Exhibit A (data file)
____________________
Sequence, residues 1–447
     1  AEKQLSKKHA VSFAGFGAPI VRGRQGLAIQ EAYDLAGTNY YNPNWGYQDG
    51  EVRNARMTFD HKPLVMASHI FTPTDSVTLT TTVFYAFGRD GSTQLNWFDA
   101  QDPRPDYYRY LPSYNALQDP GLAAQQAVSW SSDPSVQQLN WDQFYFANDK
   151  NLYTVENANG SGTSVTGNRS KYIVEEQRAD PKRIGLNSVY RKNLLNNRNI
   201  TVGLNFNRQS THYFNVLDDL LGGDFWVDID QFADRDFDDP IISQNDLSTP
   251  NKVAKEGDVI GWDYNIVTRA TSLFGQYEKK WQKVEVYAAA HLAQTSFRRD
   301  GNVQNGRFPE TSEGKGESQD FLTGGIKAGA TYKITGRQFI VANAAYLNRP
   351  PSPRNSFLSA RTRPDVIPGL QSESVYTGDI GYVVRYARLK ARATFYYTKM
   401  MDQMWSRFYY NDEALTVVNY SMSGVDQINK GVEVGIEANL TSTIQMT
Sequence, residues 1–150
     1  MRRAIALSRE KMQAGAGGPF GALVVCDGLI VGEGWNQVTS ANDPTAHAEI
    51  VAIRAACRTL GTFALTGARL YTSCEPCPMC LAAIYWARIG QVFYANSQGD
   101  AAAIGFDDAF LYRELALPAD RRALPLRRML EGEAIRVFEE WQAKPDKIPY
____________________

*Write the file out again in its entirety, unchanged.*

Sequence, residues 1–447
     1  AEKQLSKKHA VSFAGFGAPI VRGRQGLAIQ EAYDLAGTNY YNPNWGYQDG
    51  EVRNARMTFD HKPLVMASHI FTPTDSVTLT TTVFYAFGRD GSTQLNWFDA
   101  QDPRPDYYRY LPSYNALQDP GLAAQQAVSW SSDPSVQQLN WDQFYFANDK
   151  NLYTVENANG SGTSVTGNRS KYIVEEQRAD PKRIGLNSVY RKNLLNNRNI
   201  TVGLNFNRQS THYFNVLDDL LGGDFWVDID QFADRDFDDP IISQNDLSTP
   251  NKVAKEGDVI GWDYNIVTRA TSLFGQYEKK WQKVEVYAAA HLAQTSFRRD
   301  GNVQNGRFPE TSEGKGESQD FLTGGIKAGA TYKITGRQFI VANAAYLNRP
   351  PSPRNSFLSA RTRPDVIPGL QSESVYTGDI GYVVRYARLK ARATFYYTKM
   401  MDQMWSRFYY NDEALTVVNY SMSGVDQINK GVEVGIEANL TSTIQMT
Sequence, residues 1–150
     1  MRRAIALSRE KMQAGAGGPF GALVVCDGLI VGEGWNQVTS ANDPTAHAEI
    51  VAIRAACRTL GTFALTGARL YTSCEPCPMC LAAIYWARIG QVFYANSQGD
   101  AAAIGFDDAF LYRELALPAD RRALPLRRML EGEAIRVFEE WQAKPDKIPY